What we want to see in the smartphones of 2017

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What does your perfect smartphone look like? Here at T3 we’ve been thinking about the sort of features and improvements we’re hoping to see through the course of 2017, coming up with a master list of New Year wishes – if you’re reading, Apple, Google, Samsung et al.

Of course we’re not restricted by all the real world considerations of pricing, component availability, hardware technology upgrades and market forces, so we can put down goals that are perhaps impossible to reach right now… still, it’s always important to aim high.

More design innovation

It’s getting more and more difficult to tell one flagship phone from another, which is fine if you’re a fan of the minimalist, iPhone-esque aesthetic but frustrating for those of us who’d like a bit more variety to pick from.

While we understand there might be manufacturing and financial reasons why every phone looks alike these days, it doesn’t mean we have to like it – and we’re crossing our fingers that some of the big players push the boat out in terms of phone design this year.

Top marks to LG and the LG G5 in 2016 for trying something a little bit different – which didn’t really work, unfortunately – and there is room for smart innovation, as the growing popularity of Samsung’s Edge design shows.

There’s plenty of talk that the likes of Apple and Samsung will go for full glass, button-free displays this year, and that’s the kind of improvement we’d be fully behind. Phones are already thin and light enough, and it’s time to get creative again.

It’s probably still to early in the technology roadmap for phones that bend or curve to any great degree yet – we might have to wait until 2018 for that.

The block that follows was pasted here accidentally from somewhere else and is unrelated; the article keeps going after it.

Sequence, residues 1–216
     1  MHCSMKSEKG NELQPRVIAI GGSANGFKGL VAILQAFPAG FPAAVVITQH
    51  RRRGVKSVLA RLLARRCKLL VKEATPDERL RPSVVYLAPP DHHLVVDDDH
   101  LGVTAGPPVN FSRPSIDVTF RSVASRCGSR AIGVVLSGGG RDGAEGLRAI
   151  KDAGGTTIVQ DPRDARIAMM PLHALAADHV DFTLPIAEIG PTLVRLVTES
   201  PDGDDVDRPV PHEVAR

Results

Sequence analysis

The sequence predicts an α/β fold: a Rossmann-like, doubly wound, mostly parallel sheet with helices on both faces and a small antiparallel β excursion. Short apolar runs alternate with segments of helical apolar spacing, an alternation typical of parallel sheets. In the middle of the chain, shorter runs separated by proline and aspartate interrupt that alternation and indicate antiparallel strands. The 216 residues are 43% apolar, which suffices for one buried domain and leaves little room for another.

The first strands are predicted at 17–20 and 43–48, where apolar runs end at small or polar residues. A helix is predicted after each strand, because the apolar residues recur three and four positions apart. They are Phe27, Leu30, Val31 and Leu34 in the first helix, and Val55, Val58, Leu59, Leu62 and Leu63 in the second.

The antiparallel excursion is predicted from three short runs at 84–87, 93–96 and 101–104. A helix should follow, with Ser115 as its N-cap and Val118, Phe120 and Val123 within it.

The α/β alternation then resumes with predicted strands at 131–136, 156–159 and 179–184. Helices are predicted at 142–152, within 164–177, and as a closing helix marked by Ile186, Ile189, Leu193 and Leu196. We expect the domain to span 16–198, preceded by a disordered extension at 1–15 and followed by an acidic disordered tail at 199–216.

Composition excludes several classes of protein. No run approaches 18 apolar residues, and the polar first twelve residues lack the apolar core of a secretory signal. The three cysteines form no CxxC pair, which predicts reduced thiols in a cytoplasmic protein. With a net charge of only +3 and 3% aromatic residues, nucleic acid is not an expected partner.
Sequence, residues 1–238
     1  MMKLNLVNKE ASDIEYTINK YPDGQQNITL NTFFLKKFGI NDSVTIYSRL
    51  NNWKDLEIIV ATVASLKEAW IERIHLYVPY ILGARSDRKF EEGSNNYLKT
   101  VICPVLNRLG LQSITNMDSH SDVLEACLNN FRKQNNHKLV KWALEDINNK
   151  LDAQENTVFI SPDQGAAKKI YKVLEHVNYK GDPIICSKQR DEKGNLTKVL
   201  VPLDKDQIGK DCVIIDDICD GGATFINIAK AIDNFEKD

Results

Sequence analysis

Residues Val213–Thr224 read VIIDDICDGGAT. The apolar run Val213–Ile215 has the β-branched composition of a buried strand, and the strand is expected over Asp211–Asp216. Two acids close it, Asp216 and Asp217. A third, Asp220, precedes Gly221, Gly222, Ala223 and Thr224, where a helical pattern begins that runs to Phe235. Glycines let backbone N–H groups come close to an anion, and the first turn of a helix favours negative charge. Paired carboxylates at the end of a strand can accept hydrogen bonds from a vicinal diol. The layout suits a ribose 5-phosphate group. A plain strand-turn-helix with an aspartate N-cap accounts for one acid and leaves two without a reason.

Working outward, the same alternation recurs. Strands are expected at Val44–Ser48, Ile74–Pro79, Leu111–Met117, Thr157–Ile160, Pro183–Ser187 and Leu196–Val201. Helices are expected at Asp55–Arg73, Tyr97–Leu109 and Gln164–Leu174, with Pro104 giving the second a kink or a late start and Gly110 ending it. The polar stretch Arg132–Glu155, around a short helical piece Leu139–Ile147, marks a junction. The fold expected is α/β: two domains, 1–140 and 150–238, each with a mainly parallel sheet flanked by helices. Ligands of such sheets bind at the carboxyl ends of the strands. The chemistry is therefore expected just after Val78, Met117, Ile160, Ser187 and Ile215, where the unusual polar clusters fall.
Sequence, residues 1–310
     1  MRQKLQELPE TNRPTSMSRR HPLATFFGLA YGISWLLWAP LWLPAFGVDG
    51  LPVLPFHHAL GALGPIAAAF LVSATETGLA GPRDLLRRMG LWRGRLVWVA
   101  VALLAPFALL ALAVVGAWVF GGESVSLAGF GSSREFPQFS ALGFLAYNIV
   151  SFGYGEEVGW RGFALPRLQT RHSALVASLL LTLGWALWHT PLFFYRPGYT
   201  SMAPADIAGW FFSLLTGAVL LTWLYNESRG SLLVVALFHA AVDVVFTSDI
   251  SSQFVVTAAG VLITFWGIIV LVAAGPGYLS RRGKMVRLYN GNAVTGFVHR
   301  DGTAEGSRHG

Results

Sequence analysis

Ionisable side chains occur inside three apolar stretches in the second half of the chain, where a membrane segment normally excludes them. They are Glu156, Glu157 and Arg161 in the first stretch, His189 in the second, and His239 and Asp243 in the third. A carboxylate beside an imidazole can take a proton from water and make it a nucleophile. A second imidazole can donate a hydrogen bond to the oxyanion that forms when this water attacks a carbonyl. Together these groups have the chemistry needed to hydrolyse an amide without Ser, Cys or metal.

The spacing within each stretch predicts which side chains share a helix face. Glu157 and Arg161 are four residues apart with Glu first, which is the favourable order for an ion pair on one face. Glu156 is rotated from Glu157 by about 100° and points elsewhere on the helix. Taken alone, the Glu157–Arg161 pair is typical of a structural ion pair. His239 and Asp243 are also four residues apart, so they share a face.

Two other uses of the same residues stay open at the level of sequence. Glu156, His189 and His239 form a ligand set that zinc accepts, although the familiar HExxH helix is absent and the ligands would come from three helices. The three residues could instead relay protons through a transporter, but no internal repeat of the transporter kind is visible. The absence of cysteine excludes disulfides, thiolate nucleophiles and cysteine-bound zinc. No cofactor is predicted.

Longer-lasting phones

It’s a sad state of affairs when a phone that costs several hundreds of pounds (or dollars) can be almost unusable after two years or so (your mileage may vary) – the problem is more noticeable on Android handsets but it happens to iPhones too.

Despite being marvels of modern technology, it seems smartphones are still susceptible to that gradual slowdown that always use to plague computers: the gradual accumulation of more demanding software and unnecessary files that would inevitably bring your laptop or desktop crashing to a halt after four or five years.

It doesn’t have to be this way, does it? Smartphones are now powerful enough, and software code is well enough optimised, for phones to last much longer without requiring an upgrade every 2-3 years.

While we don’t have the technical expertise to be able to solve this specific problem, we’re hoping mobile phone engineers do, and they might take Chrome OS as their inspiration – a lightweight laptop operating system that updates itself automatically, keeps demands on the hardware as low as possible, and doesn’t slow down over time.